Highly varied deep-sea ecosystems discovered in the Pacific
New research led by National Oceanography Centre (NOC) scientists reveals an unexpectedly complex ecosystem in an area of the Pacific targeted for deep-sea nodule mining, the Clarion Clipperton Zone (CCZ).
The study, recently published in Progress in Oceanography, shows substantial differences in the number and types of deep-sea animals between the nodule field areas studied. Changes were observed across both local and regional scales.
The term abyssal plain refers to the parts of the open ocean seafloor that are deeper than 4000 metres. This type of environment is important, making up over half of the planet, but was long thought to be a uniform, flat expanse of cold mud with few inhabitants. More recently, it is becoming clear that abyssal plains harbour many different habitats and substantial biological variation.
At the Clarion Clipperton Zone the presence of hard rocky, potato-sized, nodules provides homes for a variety of animals that are not seen in the soft sediments. These environments are dominated by animals that attach themselves to the nodules, such as anemones, soft corals, or sponges. However, there is also a high diversity of larger and more mobile creatures, like sea cucumbers, brittle stars, or fish, despite their low numbers.
This research shows that variations in the seabed landscape, such as hills and valleys, but particularly variations in the abundance of nodules on the seabed have a strong influence on the structuring of abyssal communities, at local scales. In turn, the study also revealed unexpected shifts in the dominance of the most abundant groups of larger animals across the different areas studied, suggesting an overlooked ecological variability in the CCZ region.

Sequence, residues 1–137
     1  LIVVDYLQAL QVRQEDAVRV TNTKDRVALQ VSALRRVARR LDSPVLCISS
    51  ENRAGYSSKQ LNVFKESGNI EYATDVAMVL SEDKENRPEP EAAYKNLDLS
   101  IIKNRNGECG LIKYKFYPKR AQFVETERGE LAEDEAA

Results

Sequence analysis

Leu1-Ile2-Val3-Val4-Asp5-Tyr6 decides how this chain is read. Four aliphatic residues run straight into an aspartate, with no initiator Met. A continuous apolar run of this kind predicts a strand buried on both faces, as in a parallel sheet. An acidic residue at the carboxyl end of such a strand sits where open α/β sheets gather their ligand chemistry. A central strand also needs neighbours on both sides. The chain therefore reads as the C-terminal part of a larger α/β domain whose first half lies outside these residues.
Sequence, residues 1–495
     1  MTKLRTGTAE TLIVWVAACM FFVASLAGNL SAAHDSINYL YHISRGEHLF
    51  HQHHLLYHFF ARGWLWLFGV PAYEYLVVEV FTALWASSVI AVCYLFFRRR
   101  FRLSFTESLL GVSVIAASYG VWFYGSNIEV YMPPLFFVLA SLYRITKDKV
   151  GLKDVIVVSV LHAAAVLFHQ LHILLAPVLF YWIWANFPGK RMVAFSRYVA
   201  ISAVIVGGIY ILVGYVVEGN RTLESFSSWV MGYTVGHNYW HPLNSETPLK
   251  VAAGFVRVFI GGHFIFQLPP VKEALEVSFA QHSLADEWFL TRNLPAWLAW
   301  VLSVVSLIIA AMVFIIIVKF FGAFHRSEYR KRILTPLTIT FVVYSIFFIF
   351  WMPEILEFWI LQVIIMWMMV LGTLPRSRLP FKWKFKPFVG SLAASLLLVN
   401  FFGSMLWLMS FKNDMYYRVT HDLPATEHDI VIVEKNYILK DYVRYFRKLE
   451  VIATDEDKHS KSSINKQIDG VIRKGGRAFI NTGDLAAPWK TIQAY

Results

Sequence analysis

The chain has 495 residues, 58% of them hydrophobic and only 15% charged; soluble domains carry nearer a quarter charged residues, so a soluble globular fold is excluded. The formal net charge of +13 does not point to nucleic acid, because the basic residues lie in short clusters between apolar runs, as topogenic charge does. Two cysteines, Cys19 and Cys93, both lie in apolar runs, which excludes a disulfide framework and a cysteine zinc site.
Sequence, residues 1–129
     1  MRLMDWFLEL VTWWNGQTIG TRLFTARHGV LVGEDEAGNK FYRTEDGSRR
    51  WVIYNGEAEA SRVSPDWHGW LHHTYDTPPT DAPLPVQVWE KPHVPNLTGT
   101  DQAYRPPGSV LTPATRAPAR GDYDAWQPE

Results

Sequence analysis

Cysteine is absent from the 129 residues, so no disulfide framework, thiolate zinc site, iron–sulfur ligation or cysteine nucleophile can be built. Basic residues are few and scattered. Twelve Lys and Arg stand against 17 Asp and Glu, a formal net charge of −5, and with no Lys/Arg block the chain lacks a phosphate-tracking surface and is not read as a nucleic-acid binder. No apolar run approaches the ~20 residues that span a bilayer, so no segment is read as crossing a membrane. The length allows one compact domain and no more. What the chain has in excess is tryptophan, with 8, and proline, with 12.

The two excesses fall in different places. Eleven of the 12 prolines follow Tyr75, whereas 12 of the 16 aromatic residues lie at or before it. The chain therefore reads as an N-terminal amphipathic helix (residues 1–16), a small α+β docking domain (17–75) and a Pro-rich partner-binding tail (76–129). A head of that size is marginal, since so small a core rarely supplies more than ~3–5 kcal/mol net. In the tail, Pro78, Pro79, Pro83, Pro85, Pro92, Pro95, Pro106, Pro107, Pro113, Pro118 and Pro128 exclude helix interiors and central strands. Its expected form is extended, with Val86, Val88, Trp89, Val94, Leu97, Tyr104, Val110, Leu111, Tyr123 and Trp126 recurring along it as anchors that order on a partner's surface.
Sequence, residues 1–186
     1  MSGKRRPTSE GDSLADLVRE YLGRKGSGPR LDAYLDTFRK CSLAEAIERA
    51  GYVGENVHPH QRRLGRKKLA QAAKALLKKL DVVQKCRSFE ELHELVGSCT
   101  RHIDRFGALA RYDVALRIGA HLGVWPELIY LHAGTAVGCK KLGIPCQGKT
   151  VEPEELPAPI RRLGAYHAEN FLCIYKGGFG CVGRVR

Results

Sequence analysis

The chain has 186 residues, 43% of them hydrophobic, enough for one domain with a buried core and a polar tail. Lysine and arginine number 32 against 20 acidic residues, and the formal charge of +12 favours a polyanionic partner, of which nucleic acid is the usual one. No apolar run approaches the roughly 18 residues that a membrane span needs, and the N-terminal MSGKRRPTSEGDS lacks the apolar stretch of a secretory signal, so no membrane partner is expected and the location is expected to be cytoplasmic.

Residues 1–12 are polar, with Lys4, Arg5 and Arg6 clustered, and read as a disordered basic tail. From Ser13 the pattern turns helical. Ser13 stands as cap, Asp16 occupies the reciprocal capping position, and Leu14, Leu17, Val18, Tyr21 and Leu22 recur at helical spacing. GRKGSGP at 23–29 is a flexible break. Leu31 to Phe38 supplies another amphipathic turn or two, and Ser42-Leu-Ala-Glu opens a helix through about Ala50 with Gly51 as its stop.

The lead author of the study, Dr Erik Simon-Lledo, of the NOC in the UK, said “it was really surprising to see how species that were incredibly abundant in one area were almost absent from other sites, for no obvious reason”. Dr Simon-Lledo added “conservation management plans being developed for this region need to reflect the highly variable biological features we are finding across different mining-licensed areas if these are to effectively protect biodiversity within the CCZ basin”.
Dr Daniel Jones, a co-author of the study, also at the NOC, said “this study represents a great collaboration with scientists from the Kingdom of Tonga, Hawaii and Australia. Together, we used industry datasets to provide key insights into the abyssal environment that are already feeding directly into industry, government and international management of the deep Pacific”.
The abyssal seafloor of the Clarion Clipperton Zone has the largest known deposits of polymetallic nodules, rich in manganese, copper, nickel, and cobalt, amongst other critical metals targeted by the deep sea mining industry to support the growing demand for high-technology applications. The associated seabed communities typically have low numbers of animals but surprisingly high biodiversity. Therefore, substantial effort has been given in recent years to collect the information to develop effective conservation management for this region. However, and despite recent advances, the general environmental knowledge required to effectively protect these areas is limited, and studies like this one are in high demand.
The study is the result of a collaboration between the NOC, University of Hawaii, Ministry of Meteorology, Energy, Information, Disaster Management, Environment and Climate Change of the Kingdom of Tonga, and Nautilus Minerals funded within the Commonwealth Marine Economies Programme, which aims to enable safe and sustainable marine economies across Commonwealth Small Island Developing States.